Tussar silk has a golden colour as well, with a coarse or sometimes crisp texture. It is frequently used to make sarees, often dyed in bright colours. Tussar is made from various types of silkworms across Asia. 

Additionally, there are a multitude of silk fabrics that differ depending on how they are woven. For example, dupioni is not a specific kind of silk, but a result of using irregular threads with slubs. It is characterised by a thick or often uneven texture. On the other hand, charmeuse is woven in such a way that the front of the fabric is glossy and extremely soft, while the back is more dull and often matte in appearance. Other types of fabric that may be made wholly of silk include chiffon, crêpe, organza, and many more.

What are the uses of silk?

Highly versatile, silk is used in a number of ways from fashion and beauty products to homewares and furnishings.

The lustre of mulberry silk, and the ease with which it can be draped, makes it a popular choice for women’s and men’s clothing. Garments made of pure silk can be expensive, and so they are often seen to be a marker of luxury. This material is featured widely in accessories, sleepwear, high-end fashion and bridalwear.

Beyond clothing, silk is used in high-quality home furnishings such as curtains, bedding, pillows and even furniture upholstery. It is also used industrially in a number of surprising ways, including parachutes, bicycle tires, surgical sutures and soap.

100% pure silk tie

What are the pros and cons?

While silk is a luxurious and beautiful fabric, there are some disadvantages to consider.





Temperature regulating

Soft and smooth texture


Delicate laundering

May fade in sunlight

Prone to water stains

Is silk sustainable?

Compared to other types of fabric, especially synthetic fibres, silk is a sustainable option because of its natural origins. Pure silk is biodegradable and considered to be a renewable resource.

However, the production process involves killing the pupae inside the cocoon before they hatch. This is done to maintain the quality and length of the fibres. An alternative option is Ahimsa silk, or peace silk, where the pupa is allowed to hatch before the leftover cocoon is used. Ahimsa is preferred by proponents of non-violence and practitioners of Buddhism and Hinduism. Though more ethically sound, this type of silk takes longer to produce, yields smaller amounts of fibre, and costs more to purchase.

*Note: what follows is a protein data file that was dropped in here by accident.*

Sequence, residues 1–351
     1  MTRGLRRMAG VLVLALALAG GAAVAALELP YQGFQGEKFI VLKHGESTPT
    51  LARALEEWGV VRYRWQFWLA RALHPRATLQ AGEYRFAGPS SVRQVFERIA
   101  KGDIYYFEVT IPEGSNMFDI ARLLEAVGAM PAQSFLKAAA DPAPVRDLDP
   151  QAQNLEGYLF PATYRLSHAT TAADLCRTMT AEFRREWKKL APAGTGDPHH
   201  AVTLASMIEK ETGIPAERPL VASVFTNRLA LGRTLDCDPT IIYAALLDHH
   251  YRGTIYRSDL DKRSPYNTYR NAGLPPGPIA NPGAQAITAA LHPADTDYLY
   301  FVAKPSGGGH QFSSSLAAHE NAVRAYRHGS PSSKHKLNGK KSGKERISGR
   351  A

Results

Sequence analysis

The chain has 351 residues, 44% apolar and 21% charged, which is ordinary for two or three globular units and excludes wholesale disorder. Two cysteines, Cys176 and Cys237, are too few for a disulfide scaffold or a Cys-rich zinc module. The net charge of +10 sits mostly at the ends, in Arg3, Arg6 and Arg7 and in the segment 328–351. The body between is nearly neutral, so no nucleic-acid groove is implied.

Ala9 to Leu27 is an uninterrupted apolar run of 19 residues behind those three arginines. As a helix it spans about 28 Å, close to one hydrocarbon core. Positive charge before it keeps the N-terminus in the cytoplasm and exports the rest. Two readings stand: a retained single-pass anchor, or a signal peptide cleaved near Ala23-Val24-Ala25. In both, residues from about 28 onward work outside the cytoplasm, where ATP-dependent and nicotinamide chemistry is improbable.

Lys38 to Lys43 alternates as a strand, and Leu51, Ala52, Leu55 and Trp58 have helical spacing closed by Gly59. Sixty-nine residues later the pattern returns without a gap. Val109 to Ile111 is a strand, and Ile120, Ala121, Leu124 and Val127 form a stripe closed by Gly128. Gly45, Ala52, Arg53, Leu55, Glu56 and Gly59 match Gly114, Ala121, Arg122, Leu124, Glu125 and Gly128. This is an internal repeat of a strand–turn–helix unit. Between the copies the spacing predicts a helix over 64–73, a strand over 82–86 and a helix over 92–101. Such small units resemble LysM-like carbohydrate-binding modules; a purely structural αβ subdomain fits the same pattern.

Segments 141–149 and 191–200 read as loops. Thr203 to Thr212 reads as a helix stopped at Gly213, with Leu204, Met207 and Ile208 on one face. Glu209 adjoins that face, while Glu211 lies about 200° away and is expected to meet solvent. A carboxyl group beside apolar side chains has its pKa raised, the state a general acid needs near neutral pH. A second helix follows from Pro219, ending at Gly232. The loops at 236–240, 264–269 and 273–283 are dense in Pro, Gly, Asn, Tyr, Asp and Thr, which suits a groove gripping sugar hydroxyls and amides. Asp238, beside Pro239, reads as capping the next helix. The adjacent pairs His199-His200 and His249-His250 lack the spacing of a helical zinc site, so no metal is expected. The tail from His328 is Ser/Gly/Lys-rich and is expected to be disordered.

What are the alternatives?

There are some fabric alternatives that replicate the softness and sheen of silk. These include satin, rayon, viscose, cupro, and bamboo lyocell, which is a similar material to tencel. There are also some vegan silks made of bananas, pineapples, lotus and cactus.

Silk bedding and pillows

Sealy and silk

How is it used in mattresses?

We use silk in some of our mattresses, specifically in the quilt layers. Select models include silk as a fibre blend because of its strength and durability, in addition to its soft and luxurious touch. Please contact our team if you would like assistance finding a Sealy product with this material.

Silk FAQs

Can vegans wear silk?

Silk is an animal-based product, made by silkworms who are usually killed during the production process. Many vegans avoid silk for these reasons.

How do you make silk without killing silkworms?

Peace silk, also known as Ahimsa silk, is made without killing silkworms. This type of silk is usually much more expensive, as it is more time-consuming and costly to produce.

Why is silk better than cotton?

Silk is known to feel softer than cotton, with better moisture wicking properties and temperature regulation. It is also more hypoallergenic than cotton.

Is silk natural or not?

Pure silk is natural, derived from silkworms. Silk may be dyed or blended with synthetic fibres. The fabric label should specify whether any synthetic blends have been used.

How to care for silk?

Silk should be hand-washed with delicate detergent in cold water. Hang or lay flat to dry, avoiding direct sunlight. Keep away sharp objects such as jewellery that may snag on the material.